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Posted by on May 23, 2017 in Blog, Book Reviews, Essays, Politics | 2 comments

When Is It “Too Soon” to Joke?



On November 22, 1963 at a nightclub in New York City, stand-up comedian Lenny Bruce decided to go on with the show.  Just hours after President John F. Kennedy was declared dead, Bruce walked onstage in front of a uneasy audience.  No one in the crowd knew what to expect.

According to witnesses, Bruce wallowed around the stage for several moments, seemingly lost in his own thoughts, perplexed about how to proceed.  He didn’t know quite what to say.  Finally, after this awkward silence, Bruce stepped up to the microphone and blurted out, “Boy, is Vaughn Meader fucked.”

Not everyone will get that reference, so here’s the cliffs:  Vaughn Meader was a fellow comedian, a one-trick-pony who specialized in doing Kennedy impressions.  The previous year, Meader had even released a Grammy-award winning album which sold millions.  The Kennedy assassination also meant the death of Meader’s comedy career.  As things turned out, Bruce was right.  By 1965, Meader was broke.  He was fucked.

While the boundaries of good taste have since been blurred to the point of obscurity, society back in Bruce’s time was much more rigid.  Among the many idiosyncrasies which established Bruce as an insurgent of comedy was his willingness to take enormous risks during his act and directly challenge authority.  He ventured into once-sacred territory no other comedian during his day would dare touch.  For this, we was arrested several times and charged with crimes.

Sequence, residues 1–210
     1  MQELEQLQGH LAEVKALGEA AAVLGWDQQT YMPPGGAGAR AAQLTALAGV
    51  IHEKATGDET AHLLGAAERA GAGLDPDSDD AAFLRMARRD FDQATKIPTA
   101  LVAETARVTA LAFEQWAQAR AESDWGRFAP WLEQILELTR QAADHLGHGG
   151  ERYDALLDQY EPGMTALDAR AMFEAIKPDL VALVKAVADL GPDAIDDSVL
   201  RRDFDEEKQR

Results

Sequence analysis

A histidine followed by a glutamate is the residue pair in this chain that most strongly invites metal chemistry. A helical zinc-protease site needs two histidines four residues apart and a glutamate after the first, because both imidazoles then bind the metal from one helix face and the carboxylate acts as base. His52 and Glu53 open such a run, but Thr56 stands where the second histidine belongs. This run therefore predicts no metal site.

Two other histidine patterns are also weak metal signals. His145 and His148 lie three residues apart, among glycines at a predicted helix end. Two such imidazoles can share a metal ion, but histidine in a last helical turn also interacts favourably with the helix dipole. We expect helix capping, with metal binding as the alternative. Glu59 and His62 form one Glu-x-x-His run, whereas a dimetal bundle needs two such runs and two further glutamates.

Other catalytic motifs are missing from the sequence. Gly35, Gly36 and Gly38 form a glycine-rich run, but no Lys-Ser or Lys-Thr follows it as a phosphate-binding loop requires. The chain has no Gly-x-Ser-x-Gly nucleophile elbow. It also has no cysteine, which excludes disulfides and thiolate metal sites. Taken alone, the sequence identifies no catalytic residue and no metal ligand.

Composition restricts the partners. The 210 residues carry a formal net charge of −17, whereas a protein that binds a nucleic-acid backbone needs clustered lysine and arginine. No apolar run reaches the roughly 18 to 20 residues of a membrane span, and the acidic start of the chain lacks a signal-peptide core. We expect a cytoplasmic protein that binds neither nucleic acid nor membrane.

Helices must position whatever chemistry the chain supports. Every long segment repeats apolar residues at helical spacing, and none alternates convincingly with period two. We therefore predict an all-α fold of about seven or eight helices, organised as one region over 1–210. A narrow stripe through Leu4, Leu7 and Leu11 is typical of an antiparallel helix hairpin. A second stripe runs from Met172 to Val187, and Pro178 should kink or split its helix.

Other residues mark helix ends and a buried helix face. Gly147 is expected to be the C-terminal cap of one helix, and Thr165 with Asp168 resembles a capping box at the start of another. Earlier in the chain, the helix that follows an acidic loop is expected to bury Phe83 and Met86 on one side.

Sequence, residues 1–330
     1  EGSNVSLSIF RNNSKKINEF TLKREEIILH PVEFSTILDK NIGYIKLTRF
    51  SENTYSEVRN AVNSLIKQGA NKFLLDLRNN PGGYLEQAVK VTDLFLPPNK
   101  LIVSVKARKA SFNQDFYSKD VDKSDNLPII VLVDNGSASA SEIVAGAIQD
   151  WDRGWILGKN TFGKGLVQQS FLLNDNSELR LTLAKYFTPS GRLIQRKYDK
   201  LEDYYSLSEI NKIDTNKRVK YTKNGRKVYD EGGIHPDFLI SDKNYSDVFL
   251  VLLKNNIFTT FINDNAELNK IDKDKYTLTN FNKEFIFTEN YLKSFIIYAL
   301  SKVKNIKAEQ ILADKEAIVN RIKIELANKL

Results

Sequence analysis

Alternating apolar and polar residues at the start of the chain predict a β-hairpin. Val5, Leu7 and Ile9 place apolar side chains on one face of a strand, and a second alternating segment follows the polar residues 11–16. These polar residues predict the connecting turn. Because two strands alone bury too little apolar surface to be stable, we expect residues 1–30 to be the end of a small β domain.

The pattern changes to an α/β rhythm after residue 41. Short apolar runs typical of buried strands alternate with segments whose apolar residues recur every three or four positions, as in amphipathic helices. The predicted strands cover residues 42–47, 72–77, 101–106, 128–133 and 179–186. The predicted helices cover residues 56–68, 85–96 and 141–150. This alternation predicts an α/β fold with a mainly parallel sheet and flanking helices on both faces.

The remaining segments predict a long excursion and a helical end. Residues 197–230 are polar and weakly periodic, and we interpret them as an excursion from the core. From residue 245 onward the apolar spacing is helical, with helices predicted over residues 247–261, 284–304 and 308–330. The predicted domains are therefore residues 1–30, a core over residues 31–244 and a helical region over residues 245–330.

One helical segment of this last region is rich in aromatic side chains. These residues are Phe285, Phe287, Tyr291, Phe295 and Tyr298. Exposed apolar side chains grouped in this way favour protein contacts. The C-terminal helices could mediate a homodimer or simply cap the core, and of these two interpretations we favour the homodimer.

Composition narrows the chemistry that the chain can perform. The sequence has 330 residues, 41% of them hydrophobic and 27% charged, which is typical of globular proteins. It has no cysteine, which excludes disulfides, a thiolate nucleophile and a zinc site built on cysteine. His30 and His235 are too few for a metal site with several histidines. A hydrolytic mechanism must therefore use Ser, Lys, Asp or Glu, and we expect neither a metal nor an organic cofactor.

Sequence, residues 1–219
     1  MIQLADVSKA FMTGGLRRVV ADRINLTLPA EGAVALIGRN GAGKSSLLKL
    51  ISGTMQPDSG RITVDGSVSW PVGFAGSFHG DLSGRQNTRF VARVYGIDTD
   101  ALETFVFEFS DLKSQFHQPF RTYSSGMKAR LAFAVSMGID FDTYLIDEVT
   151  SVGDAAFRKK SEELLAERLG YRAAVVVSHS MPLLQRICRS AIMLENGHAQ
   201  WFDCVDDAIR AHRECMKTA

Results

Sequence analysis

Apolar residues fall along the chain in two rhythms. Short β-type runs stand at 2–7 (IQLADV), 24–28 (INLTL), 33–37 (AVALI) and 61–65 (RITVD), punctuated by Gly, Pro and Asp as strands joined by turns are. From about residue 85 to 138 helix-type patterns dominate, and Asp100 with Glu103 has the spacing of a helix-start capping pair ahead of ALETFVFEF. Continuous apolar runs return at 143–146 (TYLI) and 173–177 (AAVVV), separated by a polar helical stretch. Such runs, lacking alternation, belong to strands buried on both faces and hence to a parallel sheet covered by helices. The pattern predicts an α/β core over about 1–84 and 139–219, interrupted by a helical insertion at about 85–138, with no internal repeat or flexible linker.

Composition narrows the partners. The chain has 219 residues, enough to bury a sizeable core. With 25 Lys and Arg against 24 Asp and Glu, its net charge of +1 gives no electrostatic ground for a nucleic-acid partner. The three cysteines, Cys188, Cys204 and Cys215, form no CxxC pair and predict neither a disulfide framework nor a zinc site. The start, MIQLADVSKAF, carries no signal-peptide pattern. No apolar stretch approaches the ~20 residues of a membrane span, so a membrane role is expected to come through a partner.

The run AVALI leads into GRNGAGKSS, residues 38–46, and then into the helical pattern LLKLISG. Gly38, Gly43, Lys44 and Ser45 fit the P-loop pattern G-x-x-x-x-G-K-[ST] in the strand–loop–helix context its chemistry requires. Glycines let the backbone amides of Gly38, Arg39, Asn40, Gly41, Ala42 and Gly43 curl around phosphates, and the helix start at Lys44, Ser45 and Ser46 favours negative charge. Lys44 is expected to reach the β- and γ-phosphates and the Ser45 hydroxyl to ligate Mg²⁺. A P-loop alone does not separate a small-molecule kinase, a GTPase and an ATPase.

Although Bruce was unfazed by obscenity laws and other legal restrictions on free speech, he still had to be particularly nervous about cracking a joke like that on the day Kennedy died.  His joke might have bombed.  His audience could have stormed out in anger and disgust.  No one really ever knows how comedy will play out until, when invisible boundaries of expectation are crossed, and it’s too late.

A generation later, things for comedian Gilbert Gottfried didn’t go so well.  Shortly after 9/11, Gottfried attempted a polemical stand up sketch during which he made several references to the terrorist attacks.  The act wasn’t received well at all by the audience.  Someone in the crowd yelled out, “too soon!” — presumably speaking for a majority which viewed making light of the deaths of thousands of people as highly inappropriate and insensitive.